[REVIEW] “A Stirring Tribute to Hong Kong: A Review of Leslie Shimotakahara’s Red Oblivion” by Susan Blumberg-Kason

{Written by Susan Blumberg-Kason, this review is part of Issue 46 of Cha.} {Return to Cha Review of Books and Films.}

Leslie Shimotakahara, Red Oblivion, Dundurn Press, 2019. 304 pgs.

Jill Lau and her sister Celeste rush to visit their elderly father after he has been hospitalised with a ruptured colon. Getting to their father (Ba) is not easy, though, as they live in Toronto while their father is still residing in their childhood flat on Conduit Road in Hong Kong. Their mother died of cancer a dozen years earlier and while Jill tries to return every Chinese New Year, Celeste has only been back once, six years previously. On arrival, the sisters notice the differences in Hong Kong. Celeste feels it has changed, while Jill still recognises the city of her youth.

Hong Kong always seems like this: the new trying to overtake the old, the old never quite disappearing. The luxurious facades of some of these hotels—pink marble and gold curlicue lettering and massive chandeliers right out front—have a blatantly outdated appearance.

—Leslie Shimotakahara, Red Oblivion.

Ba seems frail when they reach him, but, cognitively, he’s still as sharp—and grumpy—as ever. On top of Ba’s health scare, the sisters learn that he received two mysterious letters, each containing a photo, before he went into the hospital. One photo was an image of the building he owns in Sheung Wan while the other was an image of a Red Guard’s armband from the Cultural Revolution. After fleeing China in the mid-1960s, Ba built a wholesale business to supply restaurants, hotels and airlines with tea and juice. His was a Hong Kong success story and one not atypical for the time.

Jill grows more concerned when a parcel arrives for her father containing a dead mouse, paper funeral offerings, and a pile of dirt. Clearly there’s a meaning behind this and it’s becoming more and more ominous.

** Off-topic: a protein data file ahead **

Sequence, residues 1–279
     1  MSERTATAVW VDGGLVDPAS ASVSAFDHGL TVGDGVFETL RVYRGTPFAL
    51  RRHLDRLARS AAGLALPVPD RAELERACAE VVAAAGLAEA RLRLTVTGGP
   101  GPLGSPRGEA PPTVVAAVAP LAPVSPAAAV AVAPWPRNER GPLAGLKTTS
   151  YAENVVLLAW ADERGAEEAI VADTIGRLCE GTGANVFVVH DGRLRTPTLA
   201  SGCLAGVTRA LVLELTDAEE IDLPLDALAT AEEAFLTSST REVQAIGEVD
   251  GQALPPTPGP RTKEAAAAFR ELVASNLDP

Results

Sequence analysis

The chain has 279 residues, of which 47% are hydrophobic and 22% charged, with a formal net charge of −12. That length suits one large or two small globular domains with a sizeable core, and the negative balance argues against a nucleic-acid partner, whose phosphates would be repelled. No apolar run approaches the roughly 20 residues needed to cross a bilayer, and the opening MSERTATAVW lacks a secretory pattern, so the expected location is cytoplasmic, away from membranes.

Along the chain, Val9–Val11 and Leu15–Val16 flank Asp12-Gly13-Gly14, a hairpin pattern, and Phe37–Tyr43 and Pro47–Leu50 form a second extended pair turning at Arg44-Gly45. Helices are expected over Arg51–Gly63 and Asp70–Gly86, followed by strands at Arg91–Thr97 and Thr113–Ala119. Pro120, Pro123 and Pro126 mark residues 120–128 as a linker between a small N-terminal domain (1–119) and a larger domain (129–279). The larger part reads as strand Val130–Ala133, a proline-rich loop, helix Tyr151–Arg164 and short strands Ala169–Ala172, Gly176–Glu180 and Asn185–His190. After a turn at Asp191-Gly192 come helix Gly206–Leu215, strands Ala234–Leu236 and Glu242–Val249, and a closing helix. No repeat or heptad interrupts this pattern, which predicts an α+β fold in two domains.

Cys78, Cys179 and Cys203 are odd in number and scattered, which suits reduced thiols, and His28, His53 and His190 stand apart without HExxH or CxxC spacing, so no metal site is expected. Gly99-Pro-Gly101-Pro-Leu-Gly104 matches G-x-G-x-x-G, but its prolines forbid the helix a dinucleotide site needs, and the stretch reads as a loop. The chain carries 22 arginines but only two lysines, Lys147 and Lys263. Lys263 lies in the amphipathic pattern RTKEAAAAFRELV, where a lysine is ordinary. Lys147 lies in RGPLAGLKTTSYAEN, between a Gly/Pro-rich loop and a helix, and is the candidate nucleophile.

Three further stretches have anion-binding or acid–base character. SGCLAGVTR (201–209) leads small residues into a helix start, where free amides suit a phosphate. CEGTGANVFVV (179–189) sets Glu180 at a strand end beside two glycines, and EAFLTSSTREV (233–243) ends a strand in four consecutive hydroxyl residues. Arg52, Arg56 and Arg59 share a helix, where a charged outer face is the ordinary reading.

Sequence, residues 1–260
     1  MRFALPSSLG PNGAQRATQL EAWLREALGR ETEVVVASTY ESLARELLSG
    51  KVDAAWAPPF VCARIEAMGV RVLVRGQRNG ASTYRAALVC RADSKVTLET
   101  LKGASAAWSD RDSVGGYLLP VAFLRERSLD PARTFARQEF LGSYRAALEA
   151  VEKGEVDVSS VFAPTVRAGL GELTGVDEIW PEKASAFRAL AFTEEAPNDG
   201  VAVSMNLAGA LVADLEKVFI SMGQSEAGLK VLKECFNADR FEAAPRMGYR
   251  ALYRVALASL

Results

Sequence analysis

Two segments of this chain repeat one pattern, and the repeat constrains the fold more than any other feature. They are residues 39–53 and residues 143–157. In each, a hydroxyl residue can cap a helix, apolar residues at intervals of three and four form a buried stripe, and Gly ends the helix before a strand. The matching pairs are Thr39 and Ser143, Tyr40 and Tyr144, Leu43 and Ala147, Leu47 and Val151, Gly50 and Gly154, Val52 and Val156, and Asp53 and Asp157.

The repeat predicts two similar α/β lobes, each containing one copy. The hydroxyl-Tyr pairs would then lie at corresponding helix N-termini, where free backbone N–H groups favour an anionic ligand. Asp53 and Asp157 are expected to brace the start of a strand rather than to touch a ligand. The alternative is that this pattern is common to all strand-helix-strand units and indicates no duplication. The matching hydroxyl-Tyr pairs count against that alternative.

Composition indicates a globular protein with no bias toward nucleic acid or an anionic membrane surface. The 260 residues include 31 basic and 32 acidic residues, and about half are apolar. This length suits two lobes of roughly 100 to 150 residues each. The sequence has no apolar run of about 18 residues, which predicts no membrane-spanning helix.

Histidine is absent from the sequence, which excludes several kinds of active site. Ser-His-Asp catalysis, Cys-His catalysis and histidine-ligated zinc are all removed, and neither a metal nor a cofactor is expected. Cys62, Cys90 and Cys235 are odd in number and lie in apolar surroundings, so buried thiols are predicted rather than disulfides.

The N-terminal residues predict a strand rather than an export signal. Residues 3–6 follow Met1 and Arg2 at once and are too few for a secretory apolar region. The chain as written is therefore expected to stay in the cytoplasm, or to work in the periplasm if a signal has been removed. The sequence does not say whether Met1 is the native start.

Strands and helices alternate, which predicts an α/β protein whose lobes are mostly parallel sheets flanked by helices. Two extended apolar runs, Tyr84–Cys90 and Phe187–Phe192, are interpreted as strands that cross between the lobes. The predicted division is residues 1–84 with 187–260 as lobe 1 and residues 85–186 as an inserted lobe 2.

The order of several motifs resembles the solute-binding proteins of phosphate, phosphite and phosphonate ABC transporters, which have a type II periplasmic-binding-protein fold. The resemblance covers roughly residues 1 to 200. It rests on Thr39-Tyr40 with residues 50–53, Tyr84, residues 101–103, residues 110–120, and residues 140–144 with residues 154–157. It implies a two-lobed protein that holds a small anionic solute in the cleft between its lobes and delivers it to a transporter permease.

As it turns out, Ba has a secret from his past and it appears to be connected to the Cultural Revolution. The story he has told his daughters all these years is that he was a model worker back in Guangdong province during the Cultural Revolution and was rewarded with a travel permit to Hong Kong in return for his diligence. Jill now finds this story implausible as she is in her late thirties and knows it was not easy to leave China back then. Yet Ba is insistent. Celeste grows so frustrated with him that she returns to her husband in Toronto. Jill is single and requests a leave of absence from her architectural firm while she tries to uncover her father’s past and why he’s receiving threatening mail.

The Cultural Revolution has been central to many Chinese stories over the decades and it affected many Hong Kong residents who arrived in the territory in the 1960s and 70s. These stories are heartbreaking and reveal many difficult choices people faced when they tried to escape to Hong Kong in those years. Leslie Shimotakahara’s novel is influenced by her Cantonese father-in-law’s stories and the Cultural Revolution as it played out in Guangdong province. Red Oblivion becomes more thrilling as Ba’s story slowly unravels, especially when Jill travels to Guangzhou in search of more answers, all while juggling a budding romance with an old friend named Terence.

But the book stands out for its homage to Hong Kong. Shimotakahara writes of winding streets on Hong Kong Island and the tangled roots of banyan trees. Her walks through familiar neighbourhoods on the island bring back memories she hadn’t thought about in a long time.

Power-walking farther west, I hit Bonham Strand, where the buildings become older and dingier, festooned with the neon lettering of a different era, the narrowness of the streets casting deep shadows over the gutters. I glimpse the herbal medicine shop where Ba took me when I was a kid, its windows hung with red, black, and ochre posters advertising the old remedies.

—Leslie Shimotakahara, Red Oblivion.

Other scenes take place during torrential rainstorms, sometimes coming in handy when Jill needs time to think about what to do next as she tries to uncover her father’s past and decide if and when to return to her job back in Toronto or stay in Hong Kong with Terence.

Red Oblivion is a stirring tribute to Hong Kong and the role it served as a haven for refugees or anyone wishing to make a new start. Shimotakahara’s descriptions of the territory are vivid and dreamy in the way that make us all long for a simpler time.

How to cite: Blumberg-Kason, Susan. “A Stirring Tribute to Hong Kong: A Review of Leslie Shimotakahara’s Red Oblivion.” Cha: An Asian Literary Journal, 15 Feb. 2021, chajournal.blog/2021/02/15/red-oblivion/.

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Susan Blumberg-Kason is the author of Good Chinese Wife: A Love Affair With China Gone Wrong. Her writing has also appeared in the Los Angeles Review of Books‘ China Blog, Asian Jewish Life, and several Hong Kong anthologies. She received an MPhil in Government and Public Administration from the Chinese University of Hong Kong. Blumberg-Kason now lives in Chicago and spends her free time volunteering with senior citizens in Chinatown. (Photo credit: Annette Patko)

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